Seems like there's been a lot of hacking news lately, huh? Well, it's no coincidence.
There was the Jeep hack that demonstrated Chrysler cars could be taken over via their infotainment systems, a revelation that led to the recall of 1.4 million vehicles. And another vulnerability exposed in General Motors cars with OnStar. And the scary Stagefright bug that puts 95 percent of all Android smartphones at risk.
Just as celebrities do the talk show circuit before a big movie premiere, the hacking world is gearing up for its annual hacking convention, Black Hat, and these revelations are a preview of what's to come.
Taking place next week in Las Vegas, Black Hat is a once-a-year coming out party where hackers -- you can call them ethical hackers, or simply "researchers" -- show off how they've been able to sniff out and exploit weaknesses in products from fridges to military satellites to SUVs.
Before the big dance, they have been letting some of their best tricks trickle out.
Chris Valasek and Charlie Miller, the security experts behind the Jeep hack, will be presenting on just how they were able to hijack the car's controls by accessing processors through the 3G-connected in-console radio unit. Valasek told CBS News the demonstration will include details not released in the Wired video that first exposed the hack. He wouldn't divulge any more than that.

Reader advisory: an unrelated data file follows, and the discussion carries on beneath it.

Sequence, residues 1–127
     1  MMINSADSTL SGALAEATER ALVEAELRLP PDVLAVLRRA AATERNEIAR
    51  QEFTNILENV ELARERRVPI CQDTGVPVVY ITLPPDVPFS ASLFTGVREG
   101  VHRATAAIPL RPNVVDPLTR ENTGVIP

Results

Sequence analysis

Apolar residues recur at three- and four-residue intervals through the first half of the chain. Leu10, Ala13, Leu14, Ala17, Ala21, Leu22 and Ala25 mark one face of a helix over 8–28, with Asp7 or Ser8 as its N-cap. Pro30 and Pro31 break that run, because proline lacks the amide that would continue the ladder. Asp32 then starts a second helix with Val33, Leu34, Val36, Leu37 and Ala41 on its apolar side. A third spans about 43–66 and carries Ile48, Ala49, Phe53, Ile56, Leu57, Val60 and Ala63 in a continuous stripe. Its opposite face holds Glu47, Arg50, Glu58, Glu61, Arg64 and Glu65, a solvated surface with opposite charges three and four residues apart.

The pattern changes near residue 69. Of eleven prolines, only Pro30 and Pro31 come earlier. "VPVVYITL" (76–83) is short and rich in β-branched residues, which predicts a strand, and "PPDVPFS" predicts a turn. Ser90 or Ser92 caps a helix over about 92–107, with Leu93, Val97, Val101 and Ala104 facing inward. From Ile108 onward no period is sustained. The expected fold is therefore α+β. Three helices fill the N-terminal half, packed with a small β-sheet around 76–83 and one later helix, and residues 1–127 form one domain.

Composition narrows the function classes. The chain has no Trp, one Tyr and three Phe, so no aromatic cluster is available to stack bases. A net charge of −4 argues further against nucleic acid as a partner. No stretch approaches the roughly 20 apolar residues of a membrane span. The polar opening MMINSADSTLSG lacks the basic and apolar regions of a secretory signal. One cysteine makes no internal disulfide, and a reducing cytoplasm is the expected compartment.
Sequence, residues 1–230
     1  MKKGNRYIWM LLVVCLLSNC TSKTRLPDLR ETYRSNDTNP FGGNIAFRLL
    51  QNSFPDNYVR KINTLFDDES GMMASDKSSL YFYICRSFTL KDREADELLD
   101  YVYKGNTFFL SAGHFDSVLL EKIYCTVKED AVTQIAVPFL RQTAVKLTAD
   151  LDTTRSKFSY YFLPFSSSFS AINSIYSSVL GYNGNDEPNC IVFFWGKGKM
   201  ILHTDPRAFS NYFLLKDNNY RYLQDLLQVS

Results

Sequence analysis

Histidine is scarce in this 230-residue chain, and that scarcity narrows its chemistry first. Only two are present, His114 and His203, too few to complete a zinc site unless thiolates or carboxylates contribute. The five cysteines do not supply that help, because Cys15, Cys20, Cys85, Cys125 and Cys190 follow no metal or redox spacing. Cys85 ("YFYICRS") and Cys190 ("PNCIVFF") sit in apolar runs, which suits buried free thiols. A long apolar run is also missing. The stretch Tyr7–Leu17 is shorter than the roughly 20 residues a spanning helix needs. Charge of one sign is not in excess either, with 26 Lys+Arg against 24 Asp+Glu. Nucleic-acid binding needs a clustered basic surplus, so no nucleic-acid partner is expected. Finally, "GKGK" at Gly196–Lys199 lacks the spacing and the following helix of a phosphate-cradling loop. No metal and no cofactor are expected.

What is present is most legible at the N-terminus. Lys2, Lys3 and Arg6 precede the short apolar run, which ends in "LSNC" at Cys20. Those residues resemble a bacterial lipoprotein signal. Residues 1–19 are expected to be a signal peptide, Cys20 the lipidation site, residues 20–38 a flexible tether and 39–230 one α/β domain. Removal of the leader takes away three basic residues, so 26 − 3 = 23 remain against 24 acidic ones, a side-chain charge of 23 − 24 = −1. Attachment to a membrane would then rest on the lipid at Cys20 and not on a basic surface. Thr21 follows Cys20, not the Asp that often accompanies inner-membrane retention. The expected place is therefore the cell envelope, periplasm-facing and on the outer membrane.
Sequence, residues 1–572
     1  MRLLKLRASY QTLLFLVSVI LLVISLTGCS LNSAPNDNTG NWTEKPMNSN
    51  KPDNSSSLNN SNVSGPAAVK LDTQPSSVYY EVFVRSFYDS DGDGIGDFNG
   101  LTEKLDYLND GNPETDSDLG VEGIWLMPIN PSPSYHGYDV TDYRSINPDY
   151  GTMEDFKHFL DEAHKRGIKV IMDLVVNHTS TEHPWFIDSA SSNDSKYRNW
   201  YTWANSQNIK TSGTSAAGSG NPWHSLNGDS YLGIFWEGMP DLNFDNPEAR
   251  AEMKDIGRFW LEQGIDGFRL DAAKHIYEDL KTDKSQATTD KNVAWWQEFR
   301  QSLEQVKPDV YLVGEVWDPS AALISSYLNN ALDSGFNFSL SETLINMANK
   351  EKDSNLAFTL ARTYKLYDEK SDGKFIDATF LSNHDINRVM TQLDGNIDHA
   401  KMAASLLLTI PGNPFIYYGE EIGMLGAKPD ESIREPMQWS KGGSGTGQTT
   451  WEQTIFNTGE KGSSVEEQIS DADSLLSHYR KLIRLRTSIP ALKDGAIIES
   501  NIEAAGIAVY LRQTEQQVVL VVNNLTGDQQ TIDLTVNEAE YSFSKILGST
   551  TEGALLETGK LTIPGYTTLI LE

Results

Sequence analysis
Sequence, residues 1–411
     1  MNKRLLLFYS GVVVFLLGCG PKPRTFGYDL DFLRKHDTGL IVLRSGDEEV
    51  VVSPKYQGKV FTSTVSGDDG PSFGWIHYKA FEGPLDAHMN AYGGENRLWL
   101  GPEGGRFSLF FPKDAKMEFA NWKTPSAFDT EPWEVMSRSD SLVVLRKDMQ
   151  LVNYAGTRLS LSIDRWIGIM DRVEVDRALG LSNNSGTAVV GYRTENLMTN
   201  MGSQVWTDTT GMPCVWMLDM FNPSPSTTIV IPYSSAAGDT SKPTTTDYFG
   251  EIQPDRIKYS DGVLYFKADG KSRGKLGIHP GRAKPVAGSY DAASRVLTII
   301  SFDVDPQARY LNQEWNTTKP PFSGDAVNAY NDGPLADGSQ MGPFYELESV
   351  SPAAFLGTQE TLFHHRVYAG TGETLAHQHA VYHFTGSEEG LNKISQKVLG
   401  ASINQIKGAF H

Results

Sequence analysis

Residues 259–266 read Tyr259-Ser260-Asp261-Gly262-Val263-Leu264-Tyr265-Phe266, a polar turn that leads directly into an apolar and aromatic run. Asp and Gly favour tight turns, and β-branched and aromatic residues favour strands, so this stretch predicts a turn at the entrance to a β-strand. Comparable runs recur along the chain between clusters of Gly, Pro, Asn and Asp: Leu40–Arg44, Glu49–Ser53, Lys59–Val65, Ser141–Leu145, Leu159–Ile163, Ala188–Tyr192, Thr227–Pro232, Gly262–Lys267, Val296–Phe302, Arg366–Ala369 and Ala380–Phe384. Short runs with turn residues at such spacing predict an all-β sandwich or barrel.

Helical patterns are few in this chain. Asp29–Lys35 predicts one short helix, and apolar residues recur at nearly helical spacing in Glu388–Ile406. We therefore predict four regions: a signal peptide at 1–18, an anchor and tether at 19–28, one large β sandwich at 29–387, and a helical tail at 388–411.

Not ones for subtlety, when researchers at Zimperium Mobile Security announced they had found the "mother of all Android vulnerabilities," the company wrote: "For those attending BlackHat or DEFCON in Las Vegas this year, you will have the chance to be live at the unveiling of the worst Android vulnerability in the mobile OS history!"
DEFCON, another hacking gathering, with a less corporate, more sinister flair, is taking place directly after Black Hat, also on the Vegas Strip.
In the spirit of ethical hacking, both Miller and Valasek and the Zimperium team disclosed their findings to the companies in question (Fiat Chrysler and Google, respectively) before announcing them, and they didn't release "How To" information to the public.
Ethical hacking is an underlying theme of Black Hat, where companies gather to learn about growing trends in security threats and to probe -- and possibly poach -- some of the greatest minds in hacking. Many companies pay out so-called "bug bounties" to hackers who can identify vulnerabilities in their systems.
"There will be lots of car companies recruiting at this conference," CNET's Bridget Carey predicted.
They won't be the only ones looking to learn the hard way. Now that kitchen equipment, children's toys, medical devices, home security systems and even semiautomatic rifles are hooked up to the Internet, pretty much any company that makes anything has silicon in the game.
And they'll all be asking what they can do to protect their businesses and their customers.
"I think that is the key question that companies now need to start asking themselves before they make the product," said Carey. "It's just embarrassing and scary."